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Jimmy, often we can use the crunchy woods to our advantage. Turkey can here us from a good distance while moving. If we don't just plow along and deliberately slow our pace and stop often, we can sound like other game. Turkey have a similar 2 step gate. Add in some kee kee runs to get an answer.
Another way is to try finding roosted Toms by roaming well below the ridges prior to dark at roosting time with binos. If lucky enough to find them, go back predawn and sneak to 75ish yds or so above them if possible. Wait until they fly down and call to them like we would in the spring. It is generally more difficult to call turkey down hill than up. Good luck Jimmy. I'm rooting for you.
 

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Discussion Starter · #14 ·
Ah, okay. I'd wondered if you could mimick their gate and speed. I'll try that next time, I did find places I could walk silently and by the end was a lot quieter than when I started. But trying not to alert every animal in 100+yds of your presence is definitely an art.

Even though in a few days the season will be over. I'm probably going to keep heading out and trying to find them until I work it out. It's already become and obsession to win this game of chess.

Good to know about calling them up hill, I would have assumed they'd go down hill easier.
 

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Jimmy if your saying in point #2 you heard turkeys, that area would be worth spending some time at tomorrow.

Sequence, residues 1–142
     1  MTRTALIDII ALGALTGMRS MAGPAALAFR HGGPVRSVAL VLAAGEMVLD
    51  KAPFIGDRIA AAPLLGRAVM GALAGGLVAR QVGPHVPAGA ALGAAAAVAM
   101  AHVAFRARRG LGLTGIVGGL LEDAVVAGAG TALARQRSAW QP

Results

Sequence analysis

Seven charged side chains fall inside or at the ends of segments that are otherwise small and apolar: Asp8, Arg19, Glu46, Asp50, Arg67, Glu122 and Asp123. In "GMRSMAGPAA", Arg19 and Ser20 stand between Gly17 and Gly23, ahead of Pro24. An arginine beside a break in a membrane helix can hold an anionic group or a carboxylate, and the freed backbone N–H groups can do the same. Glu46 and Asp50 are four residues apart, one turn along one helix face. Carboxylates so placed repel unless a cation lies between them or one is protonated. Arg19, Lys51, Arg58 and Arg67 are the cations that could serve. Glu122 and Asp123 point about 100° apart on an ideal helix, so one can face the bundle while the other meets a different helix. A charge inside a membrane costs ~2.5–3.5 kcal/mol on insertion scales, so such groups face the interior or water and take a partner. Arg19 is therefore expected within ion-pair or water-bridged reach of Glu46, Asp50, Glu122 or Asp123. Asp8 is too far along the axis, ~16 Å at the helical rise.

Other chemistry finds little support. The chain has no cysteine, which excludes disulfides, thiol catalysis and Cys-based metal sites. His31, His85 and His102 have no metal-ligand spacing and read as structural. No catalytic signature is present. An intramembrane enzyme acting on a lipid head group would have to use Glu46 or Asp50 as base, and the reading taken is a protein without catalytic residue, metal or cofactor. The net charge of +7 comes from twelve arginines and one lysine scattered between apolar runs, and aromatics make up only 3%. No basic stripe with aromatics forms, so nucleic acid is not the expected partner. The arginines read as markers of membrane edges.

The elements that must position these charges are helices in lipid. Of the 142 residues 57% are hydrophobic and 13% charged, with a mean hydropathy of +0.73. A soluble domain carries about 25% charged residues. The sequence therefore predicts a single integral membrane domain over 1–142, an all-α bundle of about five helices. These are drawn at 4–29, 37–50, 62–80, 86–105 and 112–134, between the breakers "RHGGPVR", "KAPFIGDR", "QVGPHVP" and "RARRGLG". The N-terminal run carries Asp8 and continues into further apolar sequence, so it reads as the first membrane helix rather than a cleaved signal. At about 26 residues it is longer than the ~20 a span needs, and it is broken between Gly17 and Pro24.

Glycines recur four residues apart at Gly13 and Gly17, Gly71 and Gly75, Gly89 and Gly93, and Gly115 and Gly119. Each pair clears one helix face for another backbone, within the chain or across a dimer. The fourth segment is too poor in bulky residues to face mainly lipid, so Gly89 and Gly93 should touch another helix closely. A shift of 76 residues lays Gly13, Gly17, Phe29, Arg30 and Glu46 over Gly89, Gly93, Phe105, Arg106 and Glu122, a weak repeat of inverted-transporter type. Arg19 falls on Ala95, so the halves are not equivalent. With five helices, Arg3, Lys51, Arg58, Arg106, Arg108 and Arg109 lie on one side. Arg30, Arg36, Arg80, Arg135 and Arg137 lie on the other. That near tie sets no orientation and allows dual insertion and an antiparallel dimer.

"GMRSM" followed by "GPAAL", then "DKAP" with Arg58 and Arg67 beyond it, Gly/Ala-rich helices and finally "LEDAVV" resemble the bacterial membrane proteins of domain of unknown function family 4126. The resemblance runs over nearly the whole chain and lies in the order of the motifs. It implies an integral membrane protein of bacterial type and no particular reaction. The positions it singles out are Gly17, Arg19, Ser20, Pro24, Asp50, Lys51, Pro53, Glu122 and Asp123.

it's legal to call birds/game off of private property as long as you and the bird are on public when you shoot.

picture #2 is hard to tell with the frozen ground but looks more like a deer ground scrape than turkeys, but hard to tell.
pic #1 looks like bear, or somebody forgot their toilet paper

Good success to you tomorrow, hope you call one in
 

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Discussion Starter · #16 ·
Jimmy if your saying in point #2 you heard turkeys, that area would be worth spending some time at tomorrow.
it's legal to call birds/game off of private property as long as you and the bird are on public when you shoot.

picture #2 is hard to tell with the frozen ground but looks more like a deer ground scrape than turkeys, but hard to tell.
pic #1 looks like bear, or somebody forgot their toilet paper

Good success to you tomorrow, hope you call one in
Well 25th being my wedding anniversary I've taken off for my wife. Trying to find her photo opportunities for some of the wildlife I saw yesterday (of course, she's not wearing camo so it's going swimmingly).

I'll be back early tomorrow for a second attempt. I've been told I'll get an introduction at thanksgiving to local who, if they like me, has turkeys feed daily at their blueberry bushes. So, if that's available it's a no brainer. But if not, I'll come back here and try again.
My calling skills leave a lot to be desired, so if calling I don't expect to be successful. Though I have a bunch of recordings in my phone to help compensate for that.
 

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Discussion Starter · #18 ·
That's fine as a tutorial for practice, but be aware that it is illegal to use electronic recordings to call most game animals in Pennsylvania, including turkeys.
That's good to know. I was just using them as comparison, but I'll makes sure not to do it while in the woods again as it could look like deliberate use of an electric call. (although a phone a poor speaker). Electronic calls are common for varmint in Australia, but usually use Bluetooth speaker or purpose built callers.